• Empowering communities: The pandemic has exacerbated inequalities. The most marginalised communities must be part of a collective approach to shaping future services and support in a new economy, and charities, social enterprises, and community groups have a crucial role to play in helping to facilitate this through co-production and collective advocacy.  
  • Economic actors: The voluntary sector’s contribution to Scotland must not be viewed as being limited to human, social or natural capitals. The sector is a significant economic actor and employer. Its economic role has been increasing and will expand further if Scotland’s economy truly becomes wellbeing led. 

Changing the system

The type of recovery from the pandemic that Scotland needs will require changes to the existing structures and relationships. If we are to transform the quality of life for people in Scotland positively, then the voluntary sector must be a significant player in any new system. We have divided our initial priorities for changes to the system into national and sector-specific categories.

National

  • A framework for recovery:Scotland’s National Performance Framework is sitting ready to be put into action. The pandemic is the biggest test since its foundation, but the use and development of existing frameworks that have been developed in partnerships is essential if we are to deliver an economy that improves the wellbeing of Scotland’s people.
  • A new approach to budgeting: Future spending rounds will define the type of economic recovery, meaning we must address Scotland’s low ranking for fiscal transparency and participation and adopt human rights-based budgeting. Improved mechanisms and inclusive processes that allow sectors and the public to have a meaningful say at all stages of the budget process are required at both a national and local level.
  • A just transition: The Scottish Government’s commitment to a ‘green recovery’ must mean that any medium- and long-term policy and budgetary decisions concerning our economic recovery are environmentally stress-tested. The government and parliament should work with environmental voluntary organisations to embed green recovery principles and policies in this way.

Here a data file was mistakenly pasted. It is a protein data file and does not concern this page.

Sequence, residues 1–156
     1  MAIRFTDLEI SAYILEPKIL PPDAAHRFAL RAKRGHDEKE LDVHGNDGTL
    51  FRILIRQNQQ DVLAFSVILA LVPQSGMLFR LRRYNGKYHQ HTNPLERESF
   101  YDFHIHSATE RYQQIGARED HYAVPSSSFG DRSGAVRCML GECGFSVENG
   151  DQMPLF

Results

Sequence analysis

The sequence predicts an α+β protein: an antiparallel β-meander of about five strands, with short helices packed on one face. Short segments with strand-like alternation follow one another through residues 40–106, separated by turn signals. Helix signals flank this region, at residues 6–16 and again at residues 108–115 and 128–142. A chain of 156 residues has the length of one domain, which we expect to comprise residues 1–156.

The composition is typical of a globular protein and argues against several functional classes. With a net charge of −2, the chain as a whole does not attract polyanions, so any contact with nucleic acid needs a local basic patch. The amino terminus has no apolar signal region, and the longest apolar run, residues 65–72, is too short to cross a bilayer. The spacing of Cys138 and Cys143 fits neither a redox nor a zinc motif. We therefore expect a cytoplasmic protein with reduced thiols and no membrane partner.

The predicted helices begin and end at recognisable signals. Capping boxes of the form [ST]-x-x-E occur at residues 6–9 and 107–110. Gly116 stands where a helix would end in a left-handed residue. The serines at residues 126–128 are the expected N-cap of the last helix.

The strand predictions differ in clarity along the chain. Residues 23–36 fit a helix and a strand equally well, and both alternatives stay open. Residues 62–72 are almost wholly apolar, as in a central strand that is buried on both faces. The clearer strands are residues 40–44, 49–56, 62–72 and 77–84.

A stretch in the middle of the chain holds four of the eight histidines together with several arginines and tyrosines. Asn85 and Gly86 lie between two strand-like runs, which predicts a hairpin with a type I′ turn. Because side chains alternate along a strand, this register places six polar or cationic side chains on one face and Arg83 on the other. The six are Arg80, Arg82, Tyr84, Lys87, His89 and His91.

• No one left behind: Those furthest from the labour market and hardest hit by the virus must be at the centre of a new employability system. As more specialist and intensive support will be required, the voluntary sector can help develop a person-centred service design approach. This requires much closer partnerships between sectors and explicit recognition of voluntary organisations’ capability with communities.

Sector specific

  • Balanced relationships: Public bodies and the voluntary sector must work together to build new, balanced, and trusting partnerships that can genuinely change outcomes rather than the transactional and competitive relationships that limit our collective ability to learn and improve how we work with communities.
  • Rethinking funding: As recommended by the Scottish Parliament in November, the Scottish Government should ‘set up a working group, involving key stakeholders, to examine the longer-term funding models available to statutory funders and for its conclusions to be made available before the end of this parliamentary session.’
  • Rethinking procurement: There must be a significant shift to person-centred procurement models that put the needs of beneficiaries of services ahead of driving down costs through competition. A relationship-based approach is vital in service delivery, and the managing authority and service provider must be able to work with an individual to establish what is needed to achieve the best outcomes.
  • Alternative models:We must be willing to discuss alternative models of support that recognise the expertise, experience, and reach of the voluntary sector. This includes parity in the design and access of new and existing sources of finance – such as the Scottish National Investment Bank – and establishing opportunities for long-term strategic partnerships between the private and voluntary sectors.  

Contact

Paul Bradley, Policy Team – paul.bradley@scvo.org.uk